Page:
Nova Scotia Vital Records (FamilySearch Historical Records)
|Access the Records|
Nova Scotia Vital Records, 1763-1957 .
|This article describes a collection of records at FamilySearch.org.|
|Nova Scotia, Canada|
|Flag of Canada|
|Location of Nova Scotia, Canada|
|Record Type||Births, Marriages, Deaths|
|Title in the Language||Nova Scotia Vital Records|
|Nova Scotia Archives|
- 1 What is in this Collection?
- 2 What Can these Records Tell Me?
- 3 How Do I Search the Collection?
- 4 What Do I Do Next?
- 5 Citing this Collection
- 6 How Can I Contribute to the FamilySearch Wiki?
What is in this Collection?
This collection is an index to vital records for the years 1763-1957 that was created by the Nova Scotia Archives. These records include registered births from 1864-1877 with some birth entries as early as 1810, delayed births 1836-1907, marriages 1763-1932, and deaths 1864-1877, 1908-1957. Images for these records are on the Nova Scotia Genealogy website.
In 1864, an attempt was made to register vital statistics in Nova Scotia. These records are fairly complete from 1867 to 1874. In 1877, birth and death registration was discontinued, but it began again in 1908.
Nova Scotia was settled by the French in 1605. The French did not keep vital records. Instead, they recorded similar information in Catholic Church records. Very few church records of baptism, marriage, and burial for the French settlers exist before 1702. Church of England records for British settlers began in Halifax in 1749.
What Can these Records Tell Me?
The various records in this collection may include:
How Do I Search the Collection?
You can search the index or view the images or both. To begin your search it is helpful to know:
- The name of your ancestor
- The name of a relative or date of the event
Search the Index
Search by Name by visiting the Collection Page then:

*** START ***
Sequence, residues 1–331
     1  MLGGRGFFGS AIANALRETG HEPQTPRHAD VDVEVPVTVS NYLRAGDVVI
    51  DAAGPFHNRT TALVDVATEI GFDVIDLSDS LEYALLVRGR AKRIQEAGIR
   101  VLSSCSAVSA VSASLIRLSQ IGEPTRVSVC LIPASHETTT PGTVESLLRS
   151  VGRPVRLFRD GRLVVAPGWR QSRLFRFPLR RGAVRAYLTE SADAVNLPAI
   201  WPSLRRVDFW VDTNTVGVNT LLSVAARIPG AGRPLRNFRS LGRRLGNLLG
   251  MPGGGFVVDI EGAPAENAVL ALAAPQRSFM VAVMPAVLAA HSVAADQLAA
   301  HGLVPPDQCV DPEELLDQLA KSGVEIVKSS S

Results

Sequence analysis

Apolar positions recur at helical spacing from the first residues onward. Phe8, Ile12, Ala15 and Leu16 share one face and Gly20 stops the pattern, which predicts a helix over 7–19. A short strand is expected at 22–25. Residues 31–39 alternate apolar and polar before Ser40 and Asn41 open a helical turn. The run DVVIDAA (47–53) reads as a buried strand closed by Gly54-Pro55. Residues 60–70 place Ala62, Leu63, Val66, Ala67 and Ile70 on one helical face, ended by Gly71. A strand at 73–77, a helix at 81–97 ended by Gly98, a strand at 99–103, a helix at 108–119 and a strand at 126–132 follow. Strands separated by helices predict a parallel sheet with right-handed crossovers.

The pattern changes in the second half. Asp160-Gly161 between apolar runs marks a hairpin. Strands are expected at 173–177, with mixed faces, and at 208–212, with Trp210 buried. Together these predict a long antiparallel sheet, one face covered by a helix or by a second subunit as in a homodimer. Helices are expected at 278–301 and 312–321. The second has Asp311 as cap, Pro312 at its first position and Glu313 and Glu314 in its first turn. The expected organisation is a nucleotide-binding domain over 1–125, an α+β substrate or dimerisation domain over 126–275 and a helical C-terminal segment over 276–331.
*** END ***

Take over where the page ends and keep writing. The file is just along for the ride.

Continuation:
- Fill in the search boxes with the information you know.
- Click Search. This will provide possible a list of matches.
How Do I Analyze the Results?
Compare each result from your search with what you know to determine if there is a match. This may require viewing multiple records or images.
For more tips about searching on-line collections see the on-line article FamilySearch Search Tips and Tricks.
What Do I Do Next?
I Found Who I was Looking for, What Now?
- Use the information to find other records such as birth, christening, census, land and death records.
- Use the information to find additional family members.
- Repeat this process with additional family members found, to find more generations of the family.
- Church Records often were kept years before government records were required and are a good source for finding ancestors before 1900.
I Can’t Find Who I’m Looking for, What Now?
- Try viewing the original record to see if there were errors in the transcription of the name, age, residence, etc. Remember that there may be more than one person in the records with the same name.
- Collect entries for every person who has the same surname. This list can help you identify possible relations that can be verified by records.
- If you cannot locate your ancestor in the locality in which you believe they lived, then try searching records of a nearby locality in an area search.
- Standard spelling of names typically did not exist during the periods our ancestors lived in. Try variations of your ancestor’s name, especially French or Latin versions.
- Remember that sometimes individuals went by nicknames or alternated between using first and middle names. Try searching for these names as well.
- Search the indexes and records of Nova Scotia, Canada Genealogy.
- Search in the Nova Scotia Archives and Libraries.
- Search in the FamilySearch Catalog
Citing this Collection
Citing your sources makes it easy for others to find and evaluate the records you used. When you copy information from a record, list where you found that information. Here you can find citations already created for the entire collection and for each individual record or image.
- "Nova Scotia, Vital Records, 1763-1957." Database. FamilySearch. http://FamilySearch.org : accessed 2017. Citing Nova Scotia Archives.
Record Citation (or citation for the index entry):
How Can I Contribute to the FamilySearch Wiki?
| We welcome user additions to FamilySearch Historical Records wiki articles. We are looking for additional information that will help readers understand the topic and better use the available records. We also need translations for collection titles and images in articles about records written in languages other than English. For specific needs, please visit WikiProject FamilySearch Records. |
Please follow these guidelines as you make changes. Thank you for any contributions you may provide.